What is a Licensed Marriage & Family Therapist?

Licensed Marriage and Family Therapists (LMFTs) focus on understanding client symptoms and interaction patterns within their existing environment. LMFTs can work with an individual, a couple, or an entire family while holding the lens of understanding on the broader sociocultural systems.

The methods used by LMFTs are based on the research and theories that individuals are social creatures and do not exist in a vacuum. LMFTs hold a therapeutic view that it is important to attend to the individual and family’s larger systems – community, school, and work – rather than individual pathology.

LMFT's offer treatment for a variety of clinical issues including, but not limited to:

  • Anxiety
  • Child-parent relations
  • Childhood and adolescent behavioral and emotional disorders
  • Depression
  • Grief and loss
  • Life transitions
  • Relationship enhancement
  • Relationship issues including divorce, remarriage, and co-parenting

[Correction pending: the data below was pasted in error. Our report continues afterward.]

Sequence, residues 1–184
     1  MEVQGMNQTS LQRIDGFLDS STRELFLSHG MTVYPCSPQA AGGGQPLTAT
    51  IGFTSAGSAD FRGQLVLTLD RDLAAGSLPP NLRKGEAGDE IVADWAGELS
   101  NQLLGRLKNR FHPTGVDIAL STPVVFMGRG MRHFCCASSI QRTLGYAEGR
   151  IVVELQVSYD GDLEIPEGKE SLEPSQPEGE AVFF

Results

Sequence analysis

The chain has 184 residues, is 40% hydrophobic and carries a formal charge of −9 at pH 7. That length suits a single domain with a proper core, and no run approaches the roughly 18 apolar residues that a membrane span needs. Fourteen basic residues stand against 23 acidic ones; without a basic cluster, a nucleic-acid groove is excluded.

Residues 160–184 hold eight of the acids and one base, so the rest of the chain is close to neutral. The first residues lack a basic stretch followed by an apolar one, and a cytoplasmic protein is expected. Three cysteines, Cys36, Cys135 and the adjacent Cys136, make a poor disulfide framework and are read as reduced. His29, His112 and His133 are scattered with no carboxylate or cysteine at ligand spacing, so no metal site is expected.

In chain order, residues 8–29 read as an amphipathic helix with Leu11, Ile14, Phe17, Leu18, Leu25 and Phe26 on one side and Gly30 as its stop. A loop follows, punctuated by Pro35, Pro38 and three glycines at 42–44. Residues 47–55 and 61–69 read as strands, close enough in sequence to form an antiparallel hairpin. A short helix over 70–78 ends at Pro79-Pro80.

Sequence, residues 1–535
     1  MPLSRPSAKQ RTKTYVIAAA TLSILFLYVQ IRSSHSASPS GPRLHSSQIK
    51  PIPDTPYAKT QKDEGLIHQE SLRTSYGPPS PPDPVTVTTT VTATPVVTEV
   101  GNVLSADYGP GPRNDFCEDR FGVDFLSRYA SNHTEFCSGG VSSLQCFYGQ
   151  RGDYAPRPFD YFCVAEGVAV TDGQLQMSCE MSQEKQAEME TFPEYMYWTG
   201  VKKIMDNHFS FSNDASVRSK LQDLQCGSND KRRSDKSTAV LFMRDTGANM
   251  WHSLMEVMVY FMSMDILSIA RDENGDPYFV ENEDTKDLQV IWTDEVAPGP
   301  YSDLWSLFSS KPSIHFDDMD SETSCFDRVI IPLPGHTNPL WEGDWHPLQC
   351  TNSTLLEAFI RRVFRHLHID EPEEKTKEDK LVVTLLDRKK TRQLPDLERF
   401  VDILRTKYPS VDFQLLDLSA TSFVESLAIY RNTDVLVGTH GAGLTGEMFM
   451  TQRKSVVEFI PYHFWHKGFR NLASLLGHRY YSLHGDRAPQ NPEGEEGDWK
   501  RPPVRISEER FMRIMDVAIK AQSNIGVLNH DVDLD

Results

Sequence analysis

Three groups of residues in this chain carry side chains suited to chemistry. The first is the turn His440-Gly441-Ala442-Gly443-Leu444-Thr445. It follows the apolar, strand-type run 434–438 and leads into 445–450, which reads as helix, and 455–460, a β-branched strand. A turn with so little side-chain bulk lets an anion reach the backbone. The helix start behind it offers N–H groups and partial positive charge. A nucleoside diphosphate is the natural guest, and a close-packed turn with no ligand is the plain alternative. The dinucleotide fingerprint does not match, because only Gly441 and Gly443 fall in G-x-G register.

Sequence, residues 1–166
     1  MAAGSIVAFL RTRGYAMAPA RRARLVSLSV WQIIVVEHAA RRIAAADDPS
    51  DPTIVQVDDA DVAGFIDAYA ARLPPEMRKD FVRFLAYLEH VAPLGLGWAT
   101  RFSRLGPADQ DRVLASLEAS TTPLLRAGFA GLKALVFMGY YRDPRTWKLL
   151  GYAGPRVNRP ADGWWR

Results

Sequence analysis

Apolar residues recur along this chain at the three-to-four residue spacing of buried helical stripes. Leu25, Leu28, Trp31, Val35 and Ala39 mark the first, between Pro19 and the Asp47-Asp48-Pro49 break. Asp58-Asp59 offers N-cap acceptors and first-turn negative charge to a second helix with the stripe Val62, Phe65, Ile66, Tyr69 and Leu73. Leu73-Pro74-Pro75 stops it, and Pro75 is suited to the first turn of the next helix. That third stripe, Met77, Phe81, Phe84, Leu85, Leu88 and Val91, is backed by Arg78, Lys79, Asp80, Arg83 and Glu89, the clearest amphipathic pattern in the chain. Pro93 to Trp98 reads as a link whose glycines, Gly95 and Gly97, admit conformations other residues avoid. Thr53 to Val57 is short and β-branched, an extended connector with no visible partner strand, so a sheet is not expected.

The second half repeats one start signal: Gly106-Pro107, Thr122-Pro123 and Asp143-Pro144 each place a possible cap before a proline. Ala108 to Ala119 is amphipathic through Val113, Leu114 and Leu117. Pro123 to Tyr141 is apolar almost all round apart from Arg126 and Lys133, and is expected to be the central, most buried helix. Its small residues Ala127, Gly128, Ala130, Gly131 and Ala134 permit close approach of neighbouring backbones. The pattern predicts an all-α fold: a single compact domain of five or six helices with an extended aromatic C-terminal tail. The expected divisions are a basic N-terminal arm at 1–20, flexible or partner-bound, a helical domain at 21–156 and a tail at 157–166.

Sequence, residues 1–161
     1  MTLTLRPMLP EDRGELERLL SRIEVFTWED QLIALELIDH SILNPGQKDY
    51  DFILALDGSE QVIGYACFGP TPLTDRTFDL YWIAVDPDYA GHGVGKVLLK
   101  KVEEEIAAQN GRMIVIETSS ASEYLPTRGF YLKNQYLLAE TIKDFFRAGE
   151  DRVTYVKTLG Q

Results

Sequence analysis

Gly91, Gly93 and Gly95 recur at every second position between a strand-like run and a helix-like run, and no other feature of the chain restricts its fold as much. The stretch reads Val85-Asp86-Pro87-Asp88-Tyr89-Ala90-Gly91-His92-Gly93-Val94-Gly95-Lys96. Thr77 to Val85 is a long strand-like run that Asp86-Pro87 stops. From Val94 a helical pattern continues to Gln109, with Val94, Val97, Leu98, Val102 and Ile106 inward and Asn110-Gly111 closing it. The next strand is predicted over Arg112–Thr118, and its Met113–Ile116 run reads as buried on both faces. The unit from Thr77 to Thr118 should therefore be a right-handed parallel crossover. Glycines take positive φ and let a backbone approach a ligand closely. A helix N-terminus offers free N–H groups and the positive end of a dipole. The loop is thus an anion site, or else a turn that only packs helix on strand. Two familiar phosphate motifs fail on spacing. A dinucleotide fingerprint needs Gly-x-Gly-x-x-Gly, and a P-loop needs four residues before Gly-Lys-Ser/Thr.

• Sexual and domestic violence
  • Spirituality
  • Stress
  • Substance abuse

Who are LMFT's?

  • Licensed mental health practitioners
  • Educated with a master’s or doctoral degree and are trained with a minimum of 2 years and 3,000 hours of supervised clinical experience
  • Mental health providers with specific clinical training in working with couples and families
  • One of the 5 core mental health professionals recognized in Texas
  • In a client satisfaction survey conducted by the U.S. Census, MFT services were rated good or excellent at a rate of 98.1%

Where do LMFT's practice?

  • LMFTs practice in (but are not limited to): schools, hospitals, inpatient psychiatric facilities, community agencies, not-for-profits, juvenile justice departments, and private practices.
  • Due to their clinical training in understanding and working with systems, LMFTs are uniquely suited to work within a multitude of practice settings.

Sources: American Association of Marriage and Family Therapy (AAMFT) at www.AAMFT.org, U.S. Census Data, & CSAT Practice Research Network Survey

Austin Association for Marriage and Family Therapy ©

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